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Crowns and bridges – do you know the facts?

Have you been recommended a crown or bridge? If so, it is worth reading up about these two dental treatments. In this blog, I cover the basics and the facts. Crowns and bridges: what they are, what they are used for, the preparation involved, how to look after them and any possible complications. Like any other treatment, you will want to know what product is being placed in your body. Read on to find out more and if you need any further information, please contact me at Riverstone Family Dental on 8678 3538.

What is a crown?

A crown is a tooth-shaped helmet that is glued over a tooth. It is used to help save and strengthen a broken-down tooth.

What is a bridge?

A bridge replaces the gap created by one or more missing teeth. It is made up of two or more crowns for the teeth on either side of the gap.

What are crowns and bridges used for?

  • Improve your appearance. Missing teeth can impact on your appearance and you may feel self-conscious when smiling. Crowns may also¬† be a better aesthetic option to composite fillings as they do not stain.
  • Speech problems can occur from having missing or broken teeth. For example, a lisp may develop.
  • Prevent stresses causing damage to other teeth. When you lose a tooth, more pressure is placed on the remaining teeth. This can result in chipping, cracking and wear of these teeth.
  • Prevent surrounding teeth from moving. Loss of tooth structure can create room for other teeth to start moving to fill these new gaps. Tilting, drifting and supra-eruption of teeth can all occur.
  • Maintains a natural bite and chewing power. Loss of teeth can change the way you bite and chew. Many people start to chew on the opposing side so as to avoid discomfort or food trapping. But by doing so, you place a great deal of pressure on one side and overuse the chewing muscles on that side.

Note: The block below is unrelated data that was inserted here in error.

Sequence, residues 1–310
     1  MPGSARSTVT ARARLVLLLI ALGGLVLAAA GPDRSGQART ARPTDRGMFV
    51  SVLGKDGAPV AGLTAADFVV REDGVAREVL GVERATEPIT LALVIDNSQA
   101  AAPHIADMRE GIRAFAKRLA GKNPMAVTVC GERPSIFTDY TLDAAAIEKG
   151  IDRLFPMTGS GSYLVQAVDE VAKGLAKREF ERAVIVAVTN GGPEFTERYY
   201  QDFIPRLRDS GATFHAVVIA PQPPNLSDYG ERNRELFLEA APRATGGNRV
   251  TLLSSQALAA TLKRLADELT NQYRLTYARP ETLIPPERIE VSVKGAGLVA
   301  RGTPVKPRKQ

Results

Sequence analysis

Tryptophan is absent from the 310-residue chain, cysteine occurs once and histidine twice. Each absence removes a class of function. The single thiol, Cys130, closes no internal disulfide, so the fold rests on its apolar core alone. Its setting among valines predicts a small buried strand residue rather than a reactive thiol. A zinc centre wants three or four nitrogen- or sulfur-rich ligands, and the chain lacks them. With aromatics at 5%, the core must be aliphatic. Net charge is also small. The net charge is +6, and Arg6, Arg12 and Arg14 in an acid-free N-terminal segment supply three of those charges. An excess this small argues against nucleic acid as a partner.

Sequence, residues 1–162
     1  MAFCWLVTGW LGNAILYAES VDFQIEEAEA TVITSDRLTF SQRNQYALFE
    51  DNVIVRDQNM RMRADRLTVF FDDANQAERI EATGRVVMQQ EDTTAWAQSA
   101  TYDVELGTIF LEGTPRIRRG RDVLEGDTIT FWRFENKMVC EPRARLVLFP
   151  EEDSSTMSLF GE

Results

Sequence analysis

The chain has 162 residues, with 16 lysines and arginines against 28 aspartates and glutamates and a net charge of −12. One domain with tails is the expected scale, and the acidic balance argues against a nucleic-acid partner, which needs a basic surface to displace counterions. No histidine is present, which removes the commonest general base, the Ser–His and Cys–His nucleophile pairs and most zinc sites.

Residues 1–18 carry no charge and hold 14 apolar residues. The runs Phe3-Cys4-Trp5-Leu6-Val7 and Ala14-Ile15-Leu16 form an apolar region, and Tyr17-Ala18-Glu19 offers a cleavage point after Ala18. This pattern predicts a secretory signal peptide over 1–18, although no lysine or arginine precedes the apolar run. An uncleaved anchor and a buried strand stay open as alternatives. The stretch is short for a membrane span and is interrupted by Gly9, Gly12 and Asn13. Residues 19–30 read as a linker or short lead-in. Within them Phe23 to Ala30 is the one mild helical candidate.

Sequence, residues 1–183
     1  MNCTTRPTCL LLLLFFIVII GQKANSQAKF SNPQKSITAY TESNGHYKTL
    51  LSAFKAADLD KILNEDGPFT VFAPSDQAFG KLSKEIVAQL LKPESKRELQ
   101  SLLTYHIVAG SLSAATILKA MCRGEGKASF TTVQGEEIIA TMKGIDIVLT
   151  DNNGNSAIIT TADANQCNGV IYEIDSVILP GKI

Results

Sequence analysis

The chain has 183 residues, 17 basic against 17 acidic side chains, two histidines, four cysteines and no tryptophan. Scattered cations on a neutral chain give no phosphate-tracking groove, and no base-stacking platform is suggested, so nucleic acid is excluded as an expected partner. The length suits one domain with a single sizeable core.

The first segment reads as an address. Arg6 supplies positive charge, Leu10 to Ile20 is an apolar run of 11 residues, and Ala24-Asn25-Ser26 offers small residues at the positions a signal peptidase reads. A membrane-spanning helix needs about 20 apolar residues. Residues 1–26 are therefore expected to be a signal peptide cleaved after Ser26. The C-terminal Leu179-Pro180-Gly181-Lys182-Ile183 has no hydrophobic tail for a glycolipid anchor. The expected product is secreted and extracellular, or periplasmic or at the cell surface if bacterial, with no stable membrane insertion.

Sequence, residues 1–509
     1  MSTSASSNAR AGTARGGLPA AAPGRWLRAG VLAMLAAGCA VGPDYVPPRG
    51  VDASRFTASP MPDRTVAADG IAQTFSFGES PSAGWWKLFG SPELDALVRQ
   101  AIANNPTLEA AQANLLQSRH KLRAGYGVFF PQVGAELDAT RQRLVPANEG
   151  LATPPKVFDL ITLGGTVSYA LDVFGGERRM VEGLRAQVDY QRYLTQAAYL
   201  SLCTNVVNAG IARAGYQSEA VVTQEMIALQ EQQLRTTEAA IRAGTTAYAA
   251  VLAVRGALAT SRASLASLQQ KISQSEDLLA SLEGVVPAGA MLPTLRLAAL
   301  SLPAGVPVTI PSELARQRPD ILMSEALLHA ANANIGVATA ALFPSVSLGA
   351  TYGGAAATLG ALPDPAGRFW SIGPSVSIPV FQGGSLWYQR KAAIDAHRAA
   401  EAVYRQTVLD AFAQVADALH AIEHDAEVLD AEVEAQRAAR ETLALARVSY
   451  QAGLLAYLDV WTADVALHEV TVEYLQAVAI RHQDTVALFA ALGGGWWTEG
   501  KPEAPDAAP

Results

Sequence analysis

• Strengthen existing tooth structure. Crowns and bridges are made of porcelain and metal alloy. As such, their physical properties including their hardness and durability are extremely good. Moreover, they are biocompatible and are tolerated well in the mouth.

 

Preparation for crown

  • Upper and lower teeth shape will be recorded. This is done using a putty-like material in trays. Your dentist may refer to this as “taking impressions”
  • You will be numbed up with a local anesthetic. This is to ensure you do not experience any discomfort while the tooth is reshaped using a drill. The tooth will only be shaved back by a few millimeters, possibly less.
  • Another impression is taken of the newly prepped tooth.
  • A temporary crown is created in order to protect the tooth while the crown is being made. This temporary crown is also useful if any gum modification is required. It allows the gum to heal around the temporary crown before placing the final crown. Remember, temporary crowns are not as strong as permanent crowns. It is best to avoid sticky and hard foods and to chew on the opposite side of your mouth temporarily.
  • When the crown is ready to cement in the mouth, the temporary crown is removed. The new crown is fitted and the appearance is checked with you. Then, it is glued directly to the tooth.
  • Adjustments can be made if needed and floss is used to check the contact of the crowned tooth with the teeth next door.

 

Preparation for bridges

  • Preparation steps for bridges are very similar to crowns. The main difference is that both teeth on either side of the gap are reshaped into crowns.
  • These teeth act as anchors for the replacement tooth which is filling the gap. When the bridge arrives, it is cemented as a single unit. Superfloss is used to floss under the bridge and ensure no excess cement is left behind.

 

Hygiene and care

  • With excellent care and hygiene, crowns and bridges can last a long time. Most important to the longevity of these treatments is regular flossing. This is because the gum around crowns and bridges must stay healthy in order to support these new surfaces in your mouth.
  • Regular dental checkups are great for maintaining oral hygiene and so your dentist can show you any areas that require improvement.
  • Superfloss is excellent for cleaning under bridges. Piksters and floss holders are great around crowns. Stay tuned as more products become available.

 

Possible complications

  • Tooth may rarely break during preparation. This is especially the case if an existing crown is being removed from the tooth first. The less tooth structure available, the higher the risk. Your dentist will advise you of how likely this risk applies to your tooth.
  • Infection of the pulp or gums may occur. In heavily broken down teeth, the nerve is very close to becoming exposed and therefore infected. Your dentist will advise you if you should undertake root canal treatment to avoid this complication. Gum infection can be prevented with ongoing oral hygiene.

I hope you have found this blog helpful.

As always, if you need a consultation, please give Riverstone Family Dental a call on 8678 3538.

Have a great week!

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